As the school year goes into full swing, subsequently so does the remembrance of the Sept. 11 attacks, a chain of events that completely altered the security and freedom of the United States in a span of 102 minutes. Students and staff alike may take time in their respective classes to discuss the impacts of the attacks on society today. On college campuses, a plethora of people gather for candlelight ceremonies or memorials to honor the victims, just as Albion did this past Sunday. It’s acts like these that place emphasis on how our country has come to terms with the tragedies that occurred that day, especially in the immediate aftermath of it.
After the attacks occurred, there was a dire need for emotional and mental support in New York City. Many citizens courageously stopped what they were doing to assist their fellow Americans who were suffering. One of those courageous contributors happens to be Albion College’s own Dr. Frank Kelemen, who is a familiar face around campus as the director of counseling services.
Kelemen, who specializes in trauma relief, was contacted to go to New York to work for fourteen days and arrived there days after the attacks occurred. “There were a number of us working, and we met with survivors who were either in the buildings or right by them when everything happened,” Keleman explains. “I mainly worked with employees of the affected businesses; many of them had lost co-workers and friends.”
“People were just really in shock. Some had come to work late that day; others just happened to get out of the building in time. They were really just trying to process how all of that happened.”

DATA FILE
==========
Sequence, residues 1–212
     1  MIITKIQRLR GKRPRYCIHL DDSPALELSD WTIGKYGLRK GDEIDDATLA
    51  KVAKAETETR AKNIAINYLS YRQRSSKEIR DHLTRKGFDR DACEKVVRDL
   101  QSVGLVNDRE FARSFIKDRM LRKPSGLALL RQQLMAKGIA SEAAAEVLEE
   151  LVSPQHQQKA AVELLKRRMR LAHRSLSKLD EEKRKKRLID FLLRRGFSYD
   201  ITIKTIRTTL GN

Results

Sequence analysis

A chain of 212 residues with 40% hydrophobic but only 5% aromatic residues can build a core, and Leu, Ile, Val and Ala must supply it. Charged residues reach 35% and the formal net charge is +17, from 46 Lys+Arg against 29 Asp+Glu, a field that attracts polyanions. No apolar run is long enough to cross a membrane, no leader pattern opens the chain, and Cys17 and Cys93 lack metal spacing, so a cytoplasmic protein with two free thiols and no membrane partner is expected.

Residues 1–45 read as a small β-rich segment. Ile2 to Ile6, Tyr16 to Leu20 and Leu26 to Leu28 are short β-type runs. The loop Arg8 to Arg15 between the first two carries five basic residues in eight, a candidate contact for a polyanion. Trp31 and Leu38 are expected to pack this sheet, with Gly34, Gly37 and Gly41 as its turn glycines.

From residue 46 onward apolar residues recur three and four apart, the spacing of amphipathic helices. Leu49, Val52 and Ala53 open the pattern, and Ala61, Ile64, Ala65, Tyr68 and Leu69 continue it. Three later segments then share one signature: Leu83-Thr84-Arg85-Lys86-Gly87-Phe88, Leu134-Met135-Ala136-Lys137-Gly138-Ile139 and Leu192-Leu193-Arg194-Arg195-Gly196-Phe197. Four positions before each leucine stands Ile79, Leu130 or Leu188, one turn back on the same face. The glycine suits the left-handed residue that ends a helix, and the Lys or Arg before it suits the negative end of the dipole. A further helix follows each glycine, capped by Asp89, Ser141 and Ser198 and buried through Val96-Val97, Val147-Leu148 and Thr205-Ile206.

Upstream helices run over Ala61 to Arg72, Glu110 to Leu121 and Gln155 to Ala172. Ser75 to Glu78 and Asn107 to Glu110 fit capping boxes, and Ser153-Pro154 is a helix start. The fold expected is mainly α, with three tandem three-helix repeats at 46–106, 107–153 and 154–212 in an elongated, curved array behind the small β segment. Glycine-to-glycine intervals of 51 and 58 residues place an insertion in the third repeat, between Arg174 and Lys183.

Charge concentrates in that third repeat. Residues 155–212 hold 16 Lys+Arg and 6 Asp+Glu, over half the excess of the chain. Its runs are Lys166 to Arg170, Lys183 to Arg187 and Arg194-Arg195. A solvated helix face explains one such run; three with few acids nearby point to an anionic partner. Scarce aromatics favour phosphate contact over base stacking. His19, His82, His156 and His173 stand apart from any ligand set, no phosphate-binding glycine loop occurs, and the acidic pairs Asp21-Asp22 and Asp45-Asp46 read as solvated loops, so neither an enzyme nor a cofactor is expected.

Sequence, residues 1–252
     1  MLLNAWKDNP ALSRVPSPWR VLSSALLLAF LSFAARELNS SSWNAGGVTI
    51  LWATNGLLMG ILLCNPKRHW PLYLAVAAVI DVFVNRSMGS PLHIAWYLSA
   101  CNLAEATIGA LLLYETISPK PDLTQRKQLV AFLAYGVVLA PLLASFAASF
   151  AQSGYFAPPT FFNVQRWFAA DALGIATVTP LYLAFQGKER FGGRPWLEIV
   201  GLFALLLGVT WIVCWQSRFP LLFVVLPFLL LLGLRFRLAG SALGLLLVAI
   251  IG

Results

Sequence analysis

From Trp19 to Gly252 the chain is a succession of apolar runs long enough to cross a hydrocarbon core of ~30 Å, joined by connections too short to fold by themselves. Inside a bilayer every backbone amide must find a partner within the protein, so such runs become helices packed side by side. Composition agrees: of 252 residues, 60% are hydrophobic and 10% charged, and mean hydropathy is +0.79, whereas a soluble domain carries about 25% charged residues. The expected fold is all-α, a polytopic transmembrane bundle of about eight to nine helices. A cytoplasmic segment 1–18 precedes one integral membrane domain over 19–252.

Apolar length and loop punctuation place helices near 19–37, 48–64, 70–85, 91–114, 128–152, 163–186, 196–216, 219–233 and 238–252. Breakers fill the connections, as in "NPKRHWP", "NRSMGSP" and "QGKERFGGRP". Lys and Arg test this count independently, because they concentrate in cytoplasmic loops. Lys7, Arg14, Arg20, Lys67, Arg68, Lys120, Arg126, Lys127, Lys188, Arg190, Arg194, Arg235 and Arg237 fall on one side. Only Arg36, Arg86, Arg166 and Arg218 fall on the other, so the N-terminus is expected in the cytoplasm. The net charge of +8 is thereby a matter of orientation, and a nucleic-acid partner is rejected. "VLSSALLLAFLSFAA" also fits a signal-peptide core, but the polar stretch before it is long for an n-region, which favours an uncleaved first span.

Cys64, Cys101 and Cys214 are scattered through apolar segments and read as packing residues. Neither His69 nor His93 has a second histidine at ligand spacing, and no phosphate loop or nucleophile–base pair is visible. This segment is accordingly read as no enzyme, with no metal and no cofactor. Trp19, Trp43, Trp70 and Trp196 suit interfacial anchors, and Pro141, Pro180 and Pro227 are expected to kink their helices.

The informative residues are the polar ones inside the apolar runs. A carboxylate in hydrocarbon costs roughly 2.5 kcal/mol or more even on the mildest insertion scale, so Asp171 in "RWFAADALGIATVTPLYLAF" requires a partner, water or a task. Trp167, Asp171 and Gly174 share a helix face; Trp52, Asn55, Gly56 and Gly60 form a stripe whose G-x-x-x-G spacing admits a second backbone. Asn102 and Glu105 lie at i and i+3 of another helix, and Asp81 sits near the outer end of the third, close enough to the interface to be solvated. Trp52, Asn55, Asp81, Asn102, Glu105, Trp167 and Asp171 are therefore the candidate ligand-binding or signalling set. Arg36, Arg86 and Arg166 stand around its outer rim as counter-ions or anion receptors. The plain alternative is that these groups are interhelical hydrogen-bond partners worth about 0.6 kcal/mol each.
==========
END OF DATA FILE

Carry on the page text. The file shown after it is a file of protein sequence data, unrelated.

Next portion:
Much of the counseling that Kelemen did in New York City hit close to home, as he was also dealing with college students in the city who watched the horrors from their dorm rooms.
“One of the things that struck me the most, was that the main student center for Pace University was full of first responder equipment, all of which would eventually never be used,” said Kelemen. “It was a very profound experience to see that people came fully ready to help.”
As the years have gone by and more terrorist attacks have threatened society, Kelemen sees a difference in our reactions to these kinds of events.
“Unfortunately, we almost become accustomed to some of the tragedies that happen today,” said Kelemen. “It’s important to consider that in the wake of tragedies like these, for some families the suffering does not end.”
This anniversary is also a unique one, in the sense that current high school freshmen were born after the attacks occurred. In regards to the first post-9/11 high school students, Kelemen believes that like other tragic events in history, the Sept. 11 attacks will become more of a historical matter rather than a personal one. “This is what makes the remembrances, like the one we [had] on the quad, all the more important.”
Albion’s commemoration of the attacks occurred on Sunday, Sept. 11, 2016, on the Albion College Quad. A moment of silence and a vocal tribute from the Briton Singers honored those lost in the attacks fifteen years ago.
If time teaches us anything, it is that in the face of adversity, we move forward, stronger and more united than before. And here on campus, students and staff are proving that they will never forget how the tragedies of that day changed our country forever.